He was not to be stopped. He threw a slice of his personal fortune at this hopeless ambition, and the club embarked on its spendthrift ways, becoming for a while the greatest football club in Scotland. A mistake. A bad mistake. But it doesn't sound to me like the crime of the century. Am I missing something? If no one else is prepared to do it, I'll salute his personal courage.


Courtesy of Kenneth Roy - read Kenneth Roy in the Scottish Review

Comments  

 
# chicmac 2012-02-21 23:37
At least the past few days has explained just why the BBC turned on Rangers a couple of months back. This was a major puzzle since it was so contrary to previous behaviour. However, we now know that Rangers were always to be used as a tax avoidance example by the Brit Establishment (despite many billions of owed tax being quietly written off for other companies at the turn of the year). Whether they chose them by short straw, or for legal reasons (e.g. ease of winning the case, getting a clear scapegoat) or for political reasons, it is clear their fate was known some months ago.
Tipping off BBC Scotland allowed the beeb to turn on Rangers which has the benefit of repairing, or so they hope, the beeb's tarnished reputation in Scotland.
 
 
# Keef 2012-02-22 04:35
Good point chicmac. Though, I doubt there is anything the Biased Brainwashing Corp can do to repair their tarnished image in Scotland. That goose is well and truly cooked.
 
 
# GerrySNP 2012-02-22 04:00
Problem for Rangers with the HMRC is that they arose as a "case" just after the HMRC and its bosses (Hartnett and Gus O'Donnell) had been thoroughly shafted by the Public Accounts Committee for having too many expensive lunches with the bosses of Goldsman Sachs and Vodaphone and letting them off Billions of Pounds in tax and interest which should have come to the public coffers. They didnt want that again, just for a Scottish football club!
Mark you Sir David has to take responsibility for agreeing with the tax evasion Trust method which he personally adopted and which produced the tax case in the first instance.
 
 
# Jester 2012-02-22 06:19
As an Airdrieonian I have no sympathy for the man who was instrumental in having my club put into administration.
A couple of quotes:
Mr Murray said: "I feel very sorry for Airdrie and their supporters but we're running a business. We have given them repeated warnings and felt they were playing on our good nature."

Murray said: "I apologise to Airdrie's supporters but something had to be done about this debt. Business is business and Carnegie Sports also have wages to pay."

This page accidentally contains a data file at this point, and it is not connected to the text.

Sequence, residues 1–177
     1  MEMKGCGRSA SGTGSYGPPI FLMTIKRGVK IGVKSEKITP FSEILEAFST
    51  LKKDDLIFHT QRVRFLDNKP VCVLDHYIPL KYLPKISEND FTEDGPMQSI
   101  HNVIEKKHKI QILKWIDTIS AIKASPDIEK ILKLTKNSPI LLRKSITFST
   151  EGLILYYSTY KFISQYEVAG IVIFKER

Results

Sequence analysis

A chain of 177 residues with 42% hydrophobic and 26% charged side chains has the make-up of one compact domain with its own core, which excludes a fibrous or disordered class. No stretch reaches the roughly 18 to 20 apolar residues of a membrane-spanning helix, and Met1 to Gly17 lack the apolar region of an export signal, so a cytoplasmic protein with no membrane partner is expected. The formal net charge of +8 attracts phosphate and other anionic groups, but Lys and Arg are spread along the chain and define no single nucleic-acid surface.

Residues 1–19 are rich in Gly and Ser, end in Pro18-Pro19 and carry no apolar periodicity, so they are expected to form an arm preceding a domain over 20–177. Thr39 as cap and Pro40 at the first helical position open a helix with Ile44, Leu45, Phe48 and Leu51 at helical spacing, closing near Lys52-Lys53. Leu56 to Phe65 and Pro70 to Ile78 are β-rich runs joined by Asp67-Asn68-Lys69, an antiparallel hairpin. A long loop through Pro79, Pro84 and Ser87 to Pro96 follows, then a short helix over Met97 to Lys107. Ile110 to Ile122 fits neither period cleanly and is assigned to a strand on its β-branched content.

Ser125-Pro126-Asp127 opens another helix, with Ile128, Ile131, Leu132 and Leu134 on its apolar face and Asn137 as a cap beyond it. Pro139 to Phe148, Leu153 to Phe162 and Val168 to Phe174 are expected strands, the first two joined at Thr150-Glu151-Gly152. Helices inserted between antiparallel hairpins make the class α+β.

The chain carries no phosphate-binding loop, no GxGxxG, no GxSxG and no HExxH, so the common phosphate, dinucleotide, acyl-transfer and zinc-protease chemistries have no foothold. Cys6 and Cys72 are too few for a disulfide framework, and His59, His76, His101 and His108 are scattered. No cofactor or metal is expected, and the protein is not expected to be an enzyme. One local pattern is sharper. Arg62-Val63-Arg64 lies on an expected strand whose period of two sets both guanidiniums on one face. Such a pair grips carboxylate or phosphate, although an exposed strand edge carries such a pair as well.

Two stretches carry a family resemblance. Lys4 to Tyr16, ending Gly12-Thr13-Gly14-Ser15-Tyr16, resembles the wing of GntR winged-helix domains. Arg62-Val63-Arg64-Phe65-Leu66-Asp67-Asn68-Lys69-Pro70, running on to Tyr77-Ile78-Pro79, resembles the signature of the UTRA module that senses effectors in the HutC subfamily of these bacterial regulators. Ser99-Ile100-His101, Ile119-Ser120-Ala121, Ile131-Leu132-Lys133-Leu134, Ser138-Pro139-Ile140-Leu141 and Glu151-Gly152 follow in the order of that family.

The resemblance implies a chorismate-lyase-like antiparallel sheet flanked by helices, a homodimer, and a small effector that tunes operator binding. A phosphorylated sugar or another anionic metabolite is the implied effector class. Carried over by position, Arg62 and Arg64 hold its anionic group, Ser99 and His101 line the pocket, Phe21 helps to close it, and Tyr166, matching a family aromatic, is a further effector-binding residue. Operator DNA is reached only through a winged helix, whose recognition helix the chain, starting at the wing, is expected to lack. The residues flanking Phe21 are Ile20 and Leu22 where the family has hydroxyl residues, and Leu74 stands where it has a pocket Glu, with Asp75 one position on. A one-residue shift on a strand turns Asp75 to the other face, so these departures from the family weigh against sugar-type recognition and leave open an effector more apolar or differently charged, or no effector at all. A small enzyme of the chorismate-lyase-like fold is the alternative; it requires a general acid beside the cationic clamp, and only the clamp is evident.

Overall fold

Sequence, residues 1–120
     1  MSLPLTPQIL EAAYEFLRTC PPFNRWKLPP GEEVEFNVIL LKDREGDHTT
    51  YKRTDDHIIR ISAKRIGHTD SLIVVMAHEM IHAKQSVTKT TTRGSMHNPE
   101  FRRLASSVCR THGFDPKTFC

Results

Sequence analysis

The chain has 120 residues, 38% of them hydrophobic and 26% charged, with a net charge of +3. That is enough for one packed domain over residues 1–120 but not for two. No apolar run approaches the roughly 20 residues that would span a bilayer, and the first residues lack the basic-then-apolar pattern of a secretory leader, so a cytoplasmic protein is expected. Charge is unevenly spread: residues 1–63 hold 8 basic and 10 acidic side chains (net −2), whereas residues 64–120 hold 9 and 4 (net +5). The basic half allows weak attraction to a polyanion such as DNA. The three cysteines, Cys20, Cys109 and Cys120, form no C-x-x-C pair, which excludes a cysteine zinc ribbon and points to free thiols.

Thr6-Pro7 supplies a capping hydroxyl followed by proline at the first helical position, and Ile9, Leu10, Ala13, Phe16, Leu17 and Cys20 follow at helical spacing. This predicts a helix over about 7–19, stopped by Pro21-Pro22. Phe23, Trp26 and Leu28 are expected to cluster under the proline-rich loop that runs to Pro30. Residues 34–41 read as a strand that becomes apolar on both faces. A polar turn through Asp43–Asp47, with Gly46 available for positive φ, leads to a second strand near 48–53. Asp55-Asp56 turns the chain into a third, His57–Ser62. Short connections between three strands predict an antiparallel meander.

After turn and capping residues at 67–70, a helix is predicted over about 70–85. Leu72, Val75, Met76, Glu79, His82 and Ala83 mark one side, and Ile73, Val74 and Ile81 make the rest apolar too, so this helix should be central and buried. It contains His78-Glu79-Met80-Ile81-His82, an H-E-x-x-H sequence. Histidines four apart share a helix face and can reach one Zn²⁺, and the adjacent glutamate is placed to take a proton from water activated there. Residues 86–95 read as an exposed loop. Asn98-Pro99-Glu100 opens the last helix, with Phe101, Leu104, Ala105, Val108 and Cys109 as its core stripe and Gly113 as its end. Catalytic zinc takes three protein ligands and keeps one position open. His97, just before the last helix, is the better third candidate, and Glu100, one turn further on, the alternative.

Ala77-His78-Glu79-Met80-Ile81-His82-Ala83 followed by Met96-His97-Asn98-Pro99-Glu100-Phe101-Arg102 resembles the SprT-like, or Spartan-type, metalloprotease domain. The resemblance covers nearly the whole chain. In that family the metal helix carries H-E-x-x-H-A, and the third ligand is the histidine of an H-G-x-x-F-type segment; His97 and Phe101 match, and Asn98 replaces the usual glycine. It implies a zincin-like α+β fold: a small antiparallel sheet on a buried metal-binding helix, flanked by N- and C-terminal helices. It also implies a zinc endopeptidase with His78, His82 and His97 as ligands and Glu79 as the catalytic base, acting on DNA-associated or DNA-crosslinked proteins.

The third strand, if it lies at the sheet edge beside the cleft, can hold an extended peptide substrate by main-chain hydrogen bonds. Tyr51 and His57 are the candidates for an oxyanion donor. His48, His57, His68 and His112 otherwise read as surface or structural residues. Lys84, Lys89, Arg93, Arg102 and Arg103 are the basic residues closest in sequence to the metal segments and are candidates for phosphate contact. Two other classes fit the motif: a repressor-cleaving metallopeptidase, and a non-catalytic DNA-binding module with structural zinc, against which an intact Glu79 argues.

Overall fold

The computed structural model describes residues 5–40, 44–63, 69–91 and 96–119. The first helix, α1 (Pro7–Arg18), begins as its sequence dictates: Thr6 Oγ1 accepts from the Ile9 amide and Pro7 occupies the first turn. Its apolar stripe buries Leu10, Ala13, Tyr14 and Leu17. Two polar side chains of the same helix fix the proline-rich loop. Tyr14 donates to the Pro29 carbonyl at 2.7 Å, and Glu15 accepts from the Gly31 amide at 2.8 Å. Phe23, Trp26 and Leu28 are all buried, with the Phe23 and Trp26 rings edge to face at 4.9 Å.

Good luck to the taxman and the police, I hope you find enough evidence to hang Sir David out to dry.
 
 
# velofello 2012-02-22 11:07
Great article Ken. Do you enjoy swimming against the tide?

I agree with chicmac and GerrySNP. Doing down Rangers is an opportunity for the Establishment to chip away at Scottish football and the peoples' self esteem. In comparison to other "lapses" in financial management by the UK PLC the Rangers tax debt is peanuts.
And before I draw responses from outraged Celtic supporters, I'm not proposing leniency for Rangers I'm proposing that we Scots tell the UK establishment to go put their house in order and plug the tax loopholes in the short time left for the Union.
Couldn't they do a paper transfer of Scottish oil revenue across to Scottish football to give all the clubs a lift.
Another source could be for our new best friend Mr Murdoch to invest some Sky TV money into Scottish football. That people in Scotland pay for Sky TV in order to watch English football seems perverse to me.
 
 
# Fungus 2012-02-22 15:03
Quoting velofello:
Doing down Rangers is an opportunity for the Establishment to chip away at Scottish football and the peoples' self esteem.


Anyone whose self esteem is bound up in whether eleven men can chase a bag of air around a field more successfully than eleven other men has, with respect, deep problems.

Quote:
Couldn't they do a paper transfer of Scottish oil revenue across to Scottish football to give all the clubs a lift.


Couldn't they do a transfer of oil money to the NHS or charities which help the poor, or towards providing better housing and local environments for the people who inhabit modern day slums, or to provide jobs or....

Taking public money and giving it to private companies has been tried and look what happened.
 
 
# DonaldMhor 2012-02-23 09:55
Quote:
Anyone whose self esteem is bound up in whether eleven men can chase a bag of air around a field more successfully than eleven other men has, with respect, deep problems.



Anyone who thinks that sport and in particular football has no influence on the self esteem of a country is wired to the moon. Sport has been, since the advent of the Olympics inextricably linked to national pride and self esteem. Sport in particular football is a gold mine for that very reason. Much of that gold sadly is misappropriated .

Look at the obsession with cricket and tennis in England, and the never ending BBC reports on the latest cricket results. You are not in touch with reality if you think otherwise.